“You can’t handle the truth!” A great film and, at least as far as its most famous line, somewhat representative of the Pound Sterling’s fortune. GBP has staged an immense rally as position adjustment forces those betting on the Pound’s decline to re-evaluate and trim their positions. Billions of Pounds worth of contracts were held that would pay off in the event of a fall in the Great British Pound. Those financing their positions on loans and funds responsible to the wrath of shareholders were forced to trim those positions. When you’re on the losing side of a trade the only thing you can do to get out, to annul the position, is to buy back the instrument to the degree that you are short of it. So the Pound can be seen as our Newtonian third law of motion: for every action there is an equal and opposite reaction.
We promised you volatility, and you’ve got it! The Pound ebbs and flows upon the whim of global headlines often contradictory in nature and certainly opaque in their formation. Yesterday the yoyo-ing Pound Sterling took a dive, losing a cent’s worth of ground to the US Dollar, proceeded to claim it back perfectly, before losing 80% of it all over again. The concern heading into this morning’s trade is that whilst some EU leaders, those that populate the decision making body called the European Council, approach Brexit with seemingly sanguine eyes, some more peripheral members might not share the same opinion.
I would contend that any one of you reading this that holds a vested interest in the Pound’s fortune could offer me a smattering of quotations from EU leaders including but not limited to Boris Johnson, Angela Merkel, Emmanuel Macron, Leo Varadkar, Donald Tusk and Jean-Claude Juncker. Only four of these hold a seat at the European Council as a head of state leaving another 24 unaccounted for. These people could be the ones that make all the difference to what Brexit, if any, we end up with. After the close of the European session and in New York trading hours, 0.6% of the value of the Pound was wiped away upon news that the Finnish Prime Minister, Antti Rinne, thought “more time” is needed in negotiations. To put that into perspective, that change in value over one year in terms of UK exports to the European Union is some 1.64 billion Pounds worth of difference.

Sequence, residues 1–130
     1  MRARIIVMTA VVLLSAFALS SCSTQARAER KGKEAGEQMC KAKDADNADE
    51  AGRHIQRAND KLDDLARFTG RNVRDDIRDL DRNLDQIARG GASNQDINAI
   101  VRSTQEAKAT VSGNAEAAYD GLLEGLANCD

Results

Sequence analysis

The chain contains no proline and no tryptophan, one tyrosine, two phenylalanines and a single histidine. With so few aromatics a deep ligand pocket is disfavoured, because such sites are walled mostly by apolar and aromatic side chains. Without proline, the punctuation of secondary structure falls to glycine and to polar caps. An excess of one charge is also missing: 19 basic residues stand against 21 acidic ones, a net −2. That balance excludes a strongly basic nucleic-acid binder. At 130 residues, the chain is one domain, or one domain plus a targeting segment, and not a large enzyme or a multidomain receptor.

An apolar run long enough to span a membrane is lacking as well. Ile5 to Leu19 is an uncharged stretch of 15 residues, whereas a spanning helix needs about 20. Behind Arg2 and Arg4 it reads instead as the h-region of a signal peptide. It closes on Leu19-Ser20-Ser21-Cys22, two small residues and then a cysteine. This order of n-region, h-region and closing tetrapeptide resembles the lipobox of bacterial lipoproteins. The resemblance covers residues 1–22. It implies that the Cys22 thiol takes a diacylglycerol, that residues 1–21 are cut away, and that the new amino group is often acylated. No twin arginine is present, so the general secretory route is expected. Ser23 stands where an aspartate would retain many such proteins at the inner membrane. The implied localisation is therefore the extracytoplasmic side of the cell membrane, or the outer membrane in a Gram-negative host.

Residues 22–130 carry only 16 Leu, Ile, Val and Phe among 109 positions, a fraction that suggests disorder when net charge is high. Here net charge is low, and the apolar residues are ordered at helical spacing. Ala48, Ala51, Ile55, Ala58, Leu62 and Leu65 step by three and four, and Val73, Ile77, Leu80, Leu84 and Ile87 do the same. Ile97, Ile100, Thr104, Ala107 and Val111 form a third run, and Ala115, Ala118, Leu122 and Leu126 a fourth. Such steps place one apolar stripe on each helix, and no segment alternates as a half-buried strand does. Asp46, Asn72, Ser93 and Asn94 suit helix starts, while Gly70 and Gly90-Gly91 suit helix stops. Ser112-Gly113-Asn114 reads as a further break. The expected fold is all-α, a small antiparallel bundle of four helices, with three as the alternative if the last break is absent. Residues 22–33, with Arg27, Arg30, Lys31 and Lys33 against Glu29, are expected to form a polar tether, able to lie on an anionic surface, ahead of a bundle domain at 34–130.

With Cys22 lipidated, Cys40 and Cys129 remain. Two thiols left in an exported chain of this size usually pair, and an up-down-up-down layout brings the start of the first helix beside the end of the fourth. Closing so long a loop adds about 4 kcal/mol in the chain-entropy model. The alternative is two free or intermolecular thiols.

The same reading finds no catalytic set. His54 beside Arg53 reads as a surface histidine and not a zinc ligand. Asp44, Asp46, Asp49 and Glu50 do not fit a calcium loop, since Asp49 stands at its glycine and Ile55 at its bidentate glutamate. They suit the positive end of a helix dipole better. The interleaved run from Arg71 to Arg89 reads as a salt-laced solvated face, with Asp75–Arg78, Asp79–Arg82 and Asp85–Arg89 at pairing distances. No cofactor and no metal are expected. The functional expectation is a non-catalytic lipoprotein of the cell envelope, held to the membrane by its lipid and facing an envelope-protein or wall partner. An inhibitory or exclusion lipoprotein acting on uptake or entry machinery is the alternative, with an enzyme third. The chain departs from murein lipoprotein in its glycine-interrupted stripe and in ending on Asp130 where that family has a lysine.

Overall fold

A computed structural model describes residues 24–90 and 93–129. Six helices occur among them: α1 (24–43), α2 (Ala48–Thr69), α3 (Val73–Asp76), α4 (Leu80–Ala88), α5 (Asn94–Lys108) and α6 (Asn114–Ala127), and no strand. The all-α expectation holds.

On Thursday these leaders will sit at perhaps the UK’s most important summit in its 46-year membership. Yet another of these contradictory headlines purports that the framework legal documents on customs won’t be ready for debate and negotiation. A whole myriad of possibilities are open from this meeting. A fair four-part analysis would suggest your likely outcomes are rejection; extension; summit-take-two; or deal. The fortunes for Sterling are likely to be increasingly positive as you move along that spectrum. Given the lack of preparation of legal documents for agreement, the EU Council could agree to yet another summit ahead of the 31st deadline. Far more likely and pragmatic in order to afford parliament the proper time for scrutiny of the agreement would be an extension. I maintain a deal is possible, however, expect the price of a pound to whipsaw during this meeting from 17th October. At SGM-FX we’ve got every tool you might need to take advantage of this exciting market period.
Discussion and Analysis by Charles Porter